Fluorescence Dye-Based Quantitation: Sensitive and Specific for NGS Applications

This is the third post in a series of blogs on quantitation for NGS applications written by guest blogger Adam Blatter, Product Specialist in Integrated Solutions at Promega.

Fluorescent dye-based quantitation uses specially designed DNA binding compounds that intercalate only with double stranded DNA molecules. When excited by a specific wavelength of light, only dye in the DNA-bound state will fluoresce. These aspects of the technique contribute to low background signal, and therefore the ability to accurately and specifically detect very low quantities of DNA in solution, even the nanogram quantities used in NGS applications.

For commercial NGS systems, such as the Nextera Rapid Capture Enrichment Protocol by Illumina, this specificity and sensitivity of quantitation are critical. The Nextera protocol is optimized for 50ng of total genomic DNA. A higher mass input of genomic DNA can result in incomplete tagmentation, and larger insert sizes, which can adversely affect enrichment. A lower mass input of genomic DNA or low-quality DNA can generate smaller than expected inserts, which can be lost during subsequent cleanup steps, giving lower diversity of inserts. Continue reading “Fluorescence Dye-Based Quantitation: Sensitive and Specific for NGS Applications”

Nucleic Acid Quantitation by UV Absorbance: Not for NGS

schematic diagram of UV-Vis Absorbance Method
For UV-Vis Spectrophotometry, light is split into its component wavelengths and directed through a solution. Molecules in the solution absorb specific wavelengths of light.

This is the second in a series of four blogs about Quantitation for NGS is written by guest blogger Adam Blatter, Product Specialist in Integrated Solutions at Promega.

Perhaps the most ubiquitous quantitation method is UV-spectrophotometry (also called absorbance spectroscopy). This technique takes advantage of the Beer-Lambert Law: an observation that many compounds absorb UV-Visible light at unique wavelengths, and that for a fixed path length the absorbance of a solution is directly proportional to the concentration of the absorbing species. DNA, for example has a peak absorbance at 260nm (A260nm).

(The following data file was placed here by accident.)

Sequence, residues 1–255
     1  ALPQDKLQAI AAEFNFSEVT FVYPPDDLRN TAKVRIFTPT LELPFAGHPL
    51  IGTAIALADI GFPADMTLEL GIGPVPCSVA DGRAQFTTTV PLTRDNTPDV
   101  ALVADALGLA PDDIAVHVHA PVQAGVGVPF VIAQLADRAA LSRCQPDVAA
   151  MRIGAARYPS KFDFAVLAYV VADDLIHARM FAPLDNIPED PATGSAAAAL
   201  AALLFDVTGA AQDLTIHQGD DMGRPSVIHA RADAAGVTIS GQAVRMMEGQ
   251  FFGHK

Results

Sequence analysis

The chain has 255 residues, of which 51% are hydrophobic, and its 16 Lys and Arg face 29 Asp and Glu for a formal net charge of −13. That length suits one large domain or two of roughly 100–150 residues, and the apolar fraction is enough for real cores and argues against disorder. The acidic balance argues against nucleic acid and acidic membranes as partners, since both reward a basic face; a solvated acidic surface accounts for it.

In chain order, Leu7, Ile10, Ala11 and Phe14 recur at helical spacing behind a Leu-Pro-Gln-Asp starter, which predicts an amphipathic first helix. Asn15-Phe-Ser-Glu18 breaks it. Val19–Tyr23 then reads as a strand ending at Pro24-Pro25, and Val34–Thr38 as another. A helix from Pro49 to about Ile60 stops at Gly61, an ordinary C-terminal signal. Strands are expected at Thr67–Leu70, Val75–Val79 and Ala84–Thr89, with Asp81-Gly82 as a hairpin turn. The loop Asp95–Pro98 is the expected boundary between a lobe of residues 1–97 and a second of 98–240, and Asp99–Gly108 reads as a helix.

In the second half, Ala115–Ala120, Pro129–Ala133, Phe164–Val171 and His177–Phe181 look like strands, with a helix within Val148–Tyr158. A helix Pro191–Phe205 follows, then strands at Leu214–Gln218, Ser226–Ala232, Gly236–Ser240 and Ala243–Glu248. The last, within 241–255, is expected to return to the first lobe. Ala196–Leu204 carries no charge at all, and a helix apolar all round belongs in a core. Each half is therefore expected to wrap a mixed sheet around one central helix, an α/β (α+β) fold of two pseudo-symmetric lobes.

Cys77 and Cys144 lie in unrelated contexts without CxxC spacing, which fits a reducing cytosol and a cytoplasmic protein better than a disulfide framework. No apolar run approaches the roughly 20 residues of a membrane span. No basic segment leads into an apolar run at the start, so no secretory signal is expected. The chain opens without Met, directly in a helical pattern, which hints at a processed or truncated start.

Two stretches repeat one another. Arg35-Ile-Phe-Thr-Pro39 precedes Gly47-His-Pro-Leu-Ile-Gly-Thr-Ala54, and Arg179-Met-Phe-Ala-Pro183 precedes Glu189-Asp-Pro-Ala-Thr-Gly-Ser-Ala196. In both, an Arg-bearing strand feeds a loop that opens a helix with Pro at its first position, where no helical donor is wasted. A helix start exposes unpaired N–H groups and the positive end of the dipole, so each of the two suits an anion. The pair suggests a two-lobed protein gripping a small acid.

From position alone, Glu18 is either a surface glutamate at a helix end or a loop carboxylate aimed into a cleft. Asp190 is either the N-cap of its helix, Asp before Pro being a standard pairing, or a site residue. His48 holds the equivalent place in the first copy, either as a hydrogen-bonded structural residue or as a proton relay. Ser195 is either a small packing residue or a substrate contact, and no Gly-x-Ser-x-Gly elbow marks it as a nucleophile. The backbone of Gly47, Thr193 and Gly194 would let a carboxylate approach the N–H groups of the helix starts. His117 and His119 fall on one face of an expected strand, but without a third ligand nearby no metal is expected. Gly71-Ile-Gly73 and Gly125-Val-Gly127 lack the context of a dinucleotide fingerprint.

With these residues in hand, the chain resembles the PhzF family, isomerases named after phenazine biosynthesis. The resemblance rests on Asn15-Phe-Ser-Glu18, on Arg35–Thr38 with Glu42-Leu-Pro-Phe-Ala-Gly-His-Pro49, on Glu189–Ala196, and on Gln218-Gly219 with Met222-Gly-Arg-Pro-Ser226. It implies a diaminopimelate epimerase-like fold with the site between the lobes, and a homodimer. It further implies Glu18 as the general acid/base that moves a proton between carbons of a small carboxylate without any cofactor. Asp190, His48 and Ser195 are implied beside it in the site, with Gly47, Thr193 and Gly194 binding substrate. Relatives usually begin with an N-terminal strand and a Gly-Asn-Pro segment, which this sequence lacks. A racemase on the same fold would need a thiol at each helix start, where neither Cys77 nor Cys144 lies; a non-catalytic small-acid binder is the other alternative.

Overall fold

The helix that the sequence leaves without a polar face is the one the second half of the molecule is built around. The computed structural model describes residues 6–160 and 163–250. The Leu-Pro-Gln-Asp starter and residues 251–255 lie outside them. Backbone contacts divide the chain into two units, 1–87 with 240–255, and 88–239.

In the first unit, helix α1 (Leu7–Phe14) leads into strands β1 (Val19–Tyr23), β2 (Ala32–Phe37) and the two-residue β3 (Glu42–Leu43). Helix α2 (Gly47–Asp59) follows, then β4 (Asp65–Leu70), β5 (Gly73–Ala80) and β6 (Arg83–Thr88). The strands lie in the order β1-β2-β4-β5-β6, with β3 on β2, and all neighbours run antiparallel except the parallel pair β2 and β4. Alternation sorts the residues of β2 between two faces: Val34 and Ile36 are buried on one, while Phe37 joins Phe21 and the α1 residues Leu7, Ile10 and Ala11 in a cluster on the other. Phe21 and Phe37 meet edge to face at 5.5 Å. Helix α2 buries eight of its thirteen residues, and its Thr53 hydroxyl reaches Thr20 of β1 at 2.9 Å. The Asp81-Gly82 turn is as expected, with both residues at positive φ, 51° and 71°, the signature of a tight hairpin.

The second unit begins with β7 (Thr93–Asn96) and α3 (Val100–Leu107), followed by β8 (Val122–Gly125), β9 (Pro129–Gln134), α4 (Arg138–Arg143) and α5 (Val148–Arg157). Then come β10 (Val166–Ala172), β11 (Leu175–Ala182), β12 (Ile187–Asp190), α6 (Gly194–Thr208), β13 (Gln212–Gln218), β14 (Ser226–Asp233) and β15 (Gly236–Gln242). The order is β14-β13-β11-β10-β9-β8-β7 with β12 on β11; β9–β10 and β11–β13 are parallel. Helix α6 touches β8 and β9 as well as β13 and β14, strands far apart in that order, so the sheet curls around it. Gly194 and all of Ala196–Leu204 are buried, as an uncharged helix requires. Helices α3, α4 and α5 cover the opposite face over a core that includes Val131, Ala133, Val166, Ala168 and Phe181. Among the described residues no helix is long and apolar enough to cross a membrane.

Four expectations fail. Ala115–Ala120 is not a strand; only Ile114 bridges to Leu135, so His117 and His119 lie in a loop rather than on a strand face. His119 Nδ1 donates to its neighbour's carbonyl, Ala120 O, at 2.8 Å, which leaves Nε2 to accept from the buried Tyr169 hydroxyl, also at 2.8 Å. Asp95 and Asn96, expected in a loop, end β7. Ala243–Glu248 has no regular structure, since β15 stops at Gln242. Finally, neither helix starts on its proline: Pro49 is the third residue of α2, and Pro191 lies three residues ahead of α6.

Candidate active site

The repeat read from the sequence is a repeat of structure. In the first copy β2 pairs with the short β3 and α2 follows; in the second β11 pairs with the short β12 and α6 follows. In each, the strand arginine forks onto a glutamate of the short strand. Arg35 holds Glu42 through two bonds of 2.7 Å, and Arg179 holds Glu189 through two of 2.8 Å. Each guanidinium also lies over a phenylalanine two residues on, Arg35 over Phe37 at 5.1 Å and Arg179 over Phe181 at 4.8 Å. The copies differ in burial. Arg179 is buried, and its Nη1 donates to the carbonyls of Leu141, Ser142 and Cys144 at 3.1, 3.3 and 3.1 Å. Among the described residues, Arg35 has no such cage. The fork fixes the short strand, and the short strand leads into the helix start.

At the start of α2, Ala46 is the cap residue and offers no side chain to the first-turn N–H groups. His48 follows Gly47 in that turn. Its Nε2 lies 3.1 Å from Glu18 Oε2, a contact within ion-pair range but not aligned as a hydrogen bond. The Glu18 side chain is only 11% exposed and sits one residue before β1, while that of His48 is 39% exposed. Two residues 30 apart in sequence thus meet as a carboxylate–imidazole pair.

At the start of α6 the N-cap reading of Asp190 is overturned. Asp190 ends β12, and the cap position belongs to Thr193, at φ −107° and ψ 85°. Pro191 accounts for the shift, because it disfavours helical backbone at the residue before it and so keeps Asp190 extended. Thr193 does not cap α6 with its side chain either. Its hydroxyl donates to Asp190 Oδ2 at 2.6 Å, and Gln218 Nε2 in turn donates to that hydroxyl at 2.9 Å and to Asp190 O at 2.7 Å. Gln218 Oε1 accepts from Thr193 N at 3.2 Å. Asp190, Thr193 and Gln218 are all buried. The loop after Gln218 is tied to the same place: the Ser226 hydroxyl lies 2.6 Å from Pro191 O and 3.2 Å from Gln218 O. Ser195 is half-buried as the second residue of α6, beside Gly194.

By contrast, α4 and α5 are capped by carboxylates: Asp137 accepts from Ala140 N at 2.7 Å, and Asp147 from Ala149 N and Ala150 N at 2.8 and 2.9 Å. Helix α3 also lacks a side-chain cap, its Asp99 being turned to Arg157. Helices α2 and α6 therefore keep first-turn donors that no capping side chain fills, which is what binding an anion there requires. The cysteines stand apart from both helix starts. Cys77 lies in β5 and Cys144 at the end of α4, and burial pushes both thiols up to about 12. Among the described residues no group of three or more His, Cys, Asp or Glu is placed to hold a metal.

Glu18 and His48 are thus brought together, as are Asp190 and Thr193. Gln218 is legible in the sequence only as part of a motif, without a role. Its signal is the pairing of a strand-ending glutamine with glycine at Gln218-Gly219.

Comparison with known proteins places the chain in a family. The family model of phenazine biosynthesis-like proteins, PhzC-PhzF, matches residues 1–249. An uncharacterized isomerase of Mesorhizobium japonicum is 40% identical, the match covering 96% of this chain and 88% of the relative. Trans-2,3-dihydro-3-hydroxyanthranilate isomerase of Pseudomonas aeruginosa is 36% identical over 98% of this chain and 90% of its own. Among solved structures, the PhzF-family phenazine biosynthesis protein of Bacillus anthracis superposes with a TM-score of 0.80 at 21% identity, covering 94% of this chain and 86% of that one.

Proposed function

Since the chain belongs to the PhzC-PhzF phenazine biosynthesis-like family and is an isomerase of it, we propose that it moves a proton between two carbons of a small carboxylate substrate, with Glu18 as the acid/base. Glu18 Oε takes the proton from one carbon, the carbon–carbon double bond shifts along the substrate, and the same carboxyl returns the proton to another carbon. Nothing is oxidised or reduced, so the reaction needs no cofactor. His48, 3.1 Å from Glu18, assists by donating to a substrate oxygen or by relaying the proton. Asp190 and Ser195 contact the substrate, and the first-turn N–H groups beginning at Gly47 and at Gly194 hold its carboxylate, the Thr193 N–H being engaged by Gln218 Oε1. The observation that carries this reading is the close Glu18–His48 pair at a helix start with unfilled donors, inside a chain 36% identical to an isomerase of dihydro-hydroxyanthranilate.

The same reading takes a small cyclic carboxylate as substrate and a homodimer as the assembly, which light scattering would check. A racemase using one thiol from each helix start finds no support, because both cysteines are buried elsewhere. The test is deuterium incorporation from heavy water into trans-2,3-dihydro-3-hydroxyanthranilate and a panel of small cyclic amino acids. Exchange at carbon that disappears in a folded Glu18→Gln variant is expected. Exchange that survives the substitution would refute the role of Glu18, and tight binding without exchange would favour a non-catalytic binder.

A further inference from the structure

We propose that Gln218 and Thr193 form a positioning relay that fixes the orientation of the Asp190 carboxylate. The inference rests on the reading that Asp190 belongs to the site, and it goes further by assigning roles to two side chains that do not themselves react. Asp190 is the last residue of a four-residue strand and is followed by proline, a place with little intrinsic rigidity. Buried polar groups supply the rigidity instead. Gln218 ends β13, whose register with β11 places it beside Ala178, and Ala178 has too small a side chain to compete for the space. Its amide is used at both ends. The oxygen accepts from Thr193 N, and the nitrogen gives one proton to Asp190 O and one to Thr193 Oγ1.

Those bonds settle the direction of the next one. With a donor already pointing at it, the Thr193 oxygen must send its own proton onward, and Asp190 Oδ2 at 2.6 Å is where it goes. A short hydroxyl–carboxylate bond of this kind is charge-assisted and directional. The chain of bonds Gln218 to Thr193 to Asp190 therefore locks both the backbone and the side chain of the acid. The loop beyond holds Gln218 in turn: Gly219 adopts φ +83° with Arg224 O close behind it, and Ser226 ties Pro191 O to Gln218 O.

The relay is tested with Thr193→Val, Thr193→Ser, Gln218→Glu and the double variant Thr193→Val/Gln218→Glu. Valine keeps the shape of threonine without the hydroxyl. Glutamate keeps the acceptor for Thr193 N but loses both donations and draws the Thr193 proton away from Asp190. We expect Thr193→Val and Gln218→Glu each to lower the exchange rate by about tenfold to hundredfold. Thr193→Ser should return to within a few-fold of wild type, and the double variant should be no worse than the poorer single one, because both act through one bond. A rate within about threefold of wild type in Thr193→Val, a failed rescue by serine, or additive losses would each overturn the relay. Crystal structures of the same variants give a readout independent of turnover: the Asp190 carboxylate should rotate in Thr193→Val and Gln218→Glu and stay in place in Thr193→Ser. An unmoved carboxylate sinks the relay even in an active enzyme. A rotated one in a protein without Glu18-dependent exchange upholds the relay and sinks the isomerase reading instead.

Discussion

This method is user friendly, quick and easy. But, it has significant limitations, especially when quantitating samples for NGS applications. Continue reading “Nucleic Acid Quantitation by UV Absorbance: Not for NGS”

When Every Step Counts: Quantitation for NGS

13170MA-800x277This series of blogs about Quantitation for NGS is written by guest blogger Adam Blatter, Product Specialist in Integrated Solutions at Promega.

As sequencing technology races toward ever cheaper, faster and more accurate ways to read entire genomes, we find ourselves able to study biological systems at a level never before possible. From basic science to translational research, massively parallel sequencing (also known as next-generation sequencing or NGS) has opened up new avenues of inquiry in genomics, oncology and ecology.

Many commercial sequencing platforms have been established (e.g., Illumina, IonTorrent, 454, PacBio), and new technologies are developed every day to enable new and unique applications. However, all of these platforms and technologies work off the same general principle: nucleic acid must be extracted from a sample, arranged into platform-specific library constructs, and loaded into the sequencer. Regardless of the sample type or the platform used, every step throughout this workflow is critical for successful results. An often overlooked part of the NGS workflow is sample quantitation. Here we are presenting the first in a series of four short blogs about the critical step of quantitation in NGS workflows.

Sample input is critical to NGS in terms of both quality and quantity. Knowing how much DNA you have, often in nanogram quantities, can make the difference between success and failure. There are several key points in the NGS workflow where sample quantitation is important before you can proceed:

  • After initial nucleic acid extraction from the sample matrix and before proceeding with library preparation
  • Post-library preparation when pooling barcoded libraries for multiplexing
  • Final pooled library quantitation immediately before loading for sequencing

There are several common methods for quantitating nucleic acids: UV-spectroscopy, Fluorescence spectoscopy, real-time quantitative PCR (qPCR). Because of inherent differences in sensitivity, specificity, time and cost, each of these techniques pose certain advantages and disadvantages with respect to the specific sample you are quantitating. Our next three blogs will discuss each of these methods against the backdrop of quantitating samples for NGS applications.

 

Read Part 2: Nucleic Acid Quantitation by UV Absorbance: Not for NGS

Read Part 3: Fluorescence Dye-Based Quantitation: Sensitive and Specific for NGS Applications

Read Part 4: Real-Time (Quantitative) qPCR for Quantitating Library Prep before NGS